WOUNDED WORLD WAR I FRENCH SOLDIER TREATED BY FELLOW COMBATANT WITH A BOTTLE OF ABSINTHE

wounded

This vintage real photo postcard features a wounded French soldier being treated by his fellow combatant. The soldier doing the nursing helps his buddy by pouring some absinthe into the cup that the wounded man is holding. The injured man seems to be very pleased as he awaits his medicinal drink. What is absinthe? It is a distilled highly alcoholic beverage. Absinthe became a highly popular drink in late 19th and early 20th century France. It is a drink that was later portrayed as dangerous and seen as a hallucinogen. By 1915, it was banned in the US and much of Europe (including France). Although the ban of absinthe and the start outbreak of World War I occurred close together in time, author Doris Lanier, in her book “Absinthe–The Cocaine of the Nineteenth Century……..” (1994), notes that soldiers continued to enjoy absinthe during the war. Back to the photograph. Note the storage holders on the shelf above the injured man’s bed. It appears that they were used to hold the hospitalized patient’s clothing and belongings. My description of this interesting photograph contains some conjecture. Perhaps you have a different interpretation of this image. If so, please share your ideas in the comment section.

 

 

 

 

Published in: on January 30, 2016 at 3:54 pm  Comments (13)  
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PORTRAIT OF A MOST ADORABLE CHILD WEARING A BIG HAT (PHOTOGRAPH BY CHARLES DEFOREST FREDRICKS)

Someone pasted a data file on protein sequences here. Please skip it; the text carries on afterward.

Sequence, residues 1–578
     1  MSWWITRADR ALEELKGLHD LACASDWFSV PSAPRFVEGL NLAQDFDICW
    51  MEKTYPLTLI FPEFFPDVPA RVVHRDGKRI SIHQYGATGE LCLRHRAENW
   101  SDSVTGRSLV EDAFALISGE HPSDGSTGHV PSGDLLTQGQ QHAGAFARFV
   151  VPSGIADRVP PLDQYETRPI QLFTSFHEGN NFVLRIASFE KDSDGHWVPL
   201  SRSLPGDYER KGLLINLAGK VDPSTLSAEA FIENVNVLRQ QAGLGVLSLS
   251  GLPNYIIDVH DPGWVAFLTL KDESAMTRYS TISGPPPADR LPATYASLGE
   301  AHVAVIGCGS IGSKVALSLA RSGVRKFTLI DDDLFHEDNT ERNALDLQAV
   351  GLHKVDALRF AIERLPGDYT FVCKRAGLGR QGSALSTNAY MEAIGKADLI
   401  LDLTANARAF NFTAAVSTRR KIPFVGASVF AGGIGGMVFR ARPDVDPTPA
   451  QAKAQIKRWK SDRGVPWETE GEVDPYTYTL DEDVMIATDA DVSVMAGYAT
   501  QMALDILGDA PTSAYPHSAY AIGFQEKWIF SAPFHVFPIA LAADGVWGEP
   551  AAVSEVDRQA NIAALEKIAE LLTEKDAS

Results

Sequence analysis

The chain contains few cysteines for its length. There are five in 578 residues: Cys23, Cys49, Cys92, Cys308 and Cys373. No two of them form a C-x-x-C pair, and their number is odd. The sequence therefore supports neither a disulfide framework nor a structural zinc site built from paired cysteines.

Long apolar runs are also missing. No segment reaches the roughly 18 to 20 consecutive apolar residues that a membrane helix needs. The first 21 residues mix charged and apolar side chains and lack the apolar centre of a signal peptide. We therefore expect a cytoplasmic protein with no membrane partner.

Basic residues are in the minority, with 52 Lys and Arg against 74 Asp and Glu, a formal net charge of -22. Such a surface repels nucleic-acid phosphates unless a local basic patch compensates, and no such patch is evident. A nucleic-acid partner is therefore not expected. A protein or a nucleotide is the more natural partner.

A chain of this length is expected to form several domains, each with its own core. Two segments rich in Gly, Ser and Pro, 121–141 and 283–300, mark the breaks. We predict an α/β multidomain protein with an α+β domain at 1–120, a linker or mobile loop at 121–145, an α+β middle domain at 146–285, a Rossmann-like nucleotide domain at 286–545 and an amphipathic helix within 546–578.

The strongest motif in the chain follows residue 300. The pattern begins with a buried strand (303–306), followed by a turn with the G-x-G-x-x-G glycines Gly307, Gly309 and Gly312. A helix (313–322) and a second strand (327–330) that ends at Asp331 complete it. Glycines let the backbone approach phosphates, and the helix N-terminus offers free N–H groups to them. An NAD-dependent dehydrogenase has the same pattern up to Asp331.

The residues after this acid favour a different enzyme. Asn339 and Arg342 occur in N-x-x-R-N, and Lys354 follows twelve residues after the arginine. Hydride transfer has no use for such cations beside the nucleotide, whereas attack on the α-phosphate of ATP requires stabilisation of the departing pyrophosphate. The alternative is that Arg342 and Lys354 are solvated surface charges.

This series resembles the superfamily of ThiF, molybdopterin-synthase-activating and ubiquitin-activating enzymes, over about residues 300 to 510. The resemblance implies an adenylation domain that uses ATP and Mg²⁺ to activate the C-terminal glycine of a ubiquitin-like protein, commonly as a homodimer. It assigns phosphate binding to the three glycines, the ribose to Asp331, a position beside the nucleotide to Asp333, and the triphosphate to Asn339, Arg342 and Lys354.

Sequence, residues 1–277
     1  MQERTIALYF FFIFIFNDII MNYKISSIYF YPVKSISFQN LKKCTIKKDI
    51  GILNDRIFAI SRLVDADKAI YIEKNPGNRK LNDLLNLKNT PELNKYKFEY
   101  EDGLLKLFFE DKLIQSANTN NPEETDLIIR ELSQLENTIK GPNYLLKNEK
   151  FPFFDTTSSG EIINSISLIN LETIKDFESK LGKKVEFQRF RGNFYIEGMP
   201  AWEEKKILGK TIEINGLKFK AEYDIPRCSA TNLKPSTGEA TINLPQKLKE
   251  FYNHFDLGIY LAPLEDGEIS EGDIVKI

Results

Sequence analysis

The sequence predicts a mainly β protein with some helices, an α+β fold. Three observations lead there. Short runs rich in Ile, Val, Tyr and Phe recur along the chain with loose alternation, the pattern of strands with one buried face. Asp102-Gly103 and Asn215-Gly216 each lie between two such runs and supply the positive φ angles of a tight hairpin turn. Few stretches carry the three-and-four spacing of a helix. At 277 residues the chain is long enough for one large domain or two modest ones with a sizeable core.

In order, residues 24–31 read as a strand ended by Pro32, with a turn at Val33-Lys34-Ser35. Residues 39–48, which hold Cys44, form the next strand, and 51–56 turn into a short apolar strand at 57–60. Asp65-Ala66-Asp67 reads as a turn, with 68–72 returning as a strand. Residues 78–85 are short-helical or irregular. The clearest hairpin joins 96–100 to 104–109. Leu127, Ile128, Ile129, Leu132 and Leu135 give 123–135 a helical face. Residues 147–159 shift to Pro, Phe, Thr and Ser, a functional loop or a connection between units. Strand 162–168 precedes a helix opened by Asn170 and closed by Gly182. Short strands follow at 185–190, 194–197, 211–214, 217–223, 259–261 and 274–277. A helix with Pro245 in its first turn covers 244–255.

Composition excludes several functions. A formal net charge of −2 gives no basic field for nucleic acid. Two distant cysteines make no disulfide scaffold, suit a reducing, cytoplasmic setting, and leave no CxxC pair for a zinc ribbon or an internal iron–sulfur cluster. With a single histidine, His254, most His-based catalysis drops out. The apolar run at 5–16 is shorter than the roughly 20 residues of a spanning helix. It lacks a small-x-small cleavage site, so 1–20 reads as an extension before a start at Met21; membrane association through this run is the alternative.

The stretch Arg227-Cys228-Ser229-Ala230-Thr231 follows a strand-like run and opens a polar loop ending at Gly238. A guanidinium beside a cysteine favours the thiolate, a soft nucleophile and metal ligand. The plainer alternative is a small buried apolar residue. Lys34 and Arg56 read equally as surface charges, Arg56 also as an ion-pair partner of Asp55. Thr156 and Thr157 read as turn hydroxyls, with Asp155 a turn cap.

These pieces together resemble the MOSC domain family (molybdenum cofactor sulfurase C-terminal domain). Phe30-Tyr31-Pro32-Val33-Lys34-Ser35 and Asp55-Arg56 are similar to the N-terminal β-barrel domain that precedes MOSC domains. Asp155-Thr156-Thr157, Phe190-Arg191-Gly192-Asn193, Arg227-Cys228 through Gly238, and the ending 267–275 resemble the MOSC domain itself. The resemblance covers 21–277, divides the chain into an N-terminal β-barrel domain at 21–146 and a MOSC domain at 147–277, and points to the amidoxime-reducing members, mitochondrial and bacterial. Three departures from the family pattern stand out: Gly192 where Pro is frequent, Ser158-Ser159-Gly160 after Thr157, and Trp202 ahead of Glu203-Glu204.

fredericks

The adorable little girl with the big hat seen in this cabinet card was photographed by a talented and well known celebrity photographer by the name of Charles DeForest Fredricks (1823-1894). Look below and note the fancy advertisement placed on the reverse of the photograph. Fredricks had an interesting career and to view more of his images and to learn more about him, click on the category “Photographer: Fredricks”.

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Published in: on January 28, 2016 at 12:00 pm  Comments (1)  
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HANDSOME SAILOR POSES FOR HIS PORTRAIT IN ENGLAND (VINTAGE POSTCARD)

sailor

This item is a vintage real photo postcard featuring a portrait of a handsome young sailor. He looks quite dashing in his naval uniform. The young man was photographed by the J. S. Bullen studio which had two locations in England. The studio had branches in Grimsby and Louth. Bullen operated his studio in the 1910′s and 1920′s. He also may have worked as a  photographer in other decades.

Published in: on January 27, 2016 at 11:56 am  Leave a Comment  
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PRETTY WOMAN WEARING A BIRD NEST HAT

bird nest

This vintage real photo postcard features a pretty woman wearing a bird nest hat. At least it looks like a bird nest. This young woman has the beauty to wear this unusual hat and look terrific rather than silly. The postcard is of French origin and was published in Paris. The Publisher’s logo “LL” can be seen on the front of the postcard. The postcard is part of a series (#123). “LL” postcards were produced for France, England, United States, and other nations. For many years postcard collecting experts believed the logo stood for Louis Levy but there was no real supporting evidence and that belief died around 1991. Later research arrived at the conclusion that the initials “LL” stand for (Moyse) Leon and his son-in-law (Isaac) Levy. Leon and Levy began their career as assistants with the Parisian photographic studio Ferrier-Souilier. The pair began their own photographic studio in 1862. Leon and Levy’s studio won a gold medal at the 1867 Universal Exhibition. Leon left the partnership in 1872 and Levy kept the business going and continued to use the “LL” logo. The company was renamed Levy Fils et Cie. Levy died in 1913 and the company was later bought by the printer Emile Crete.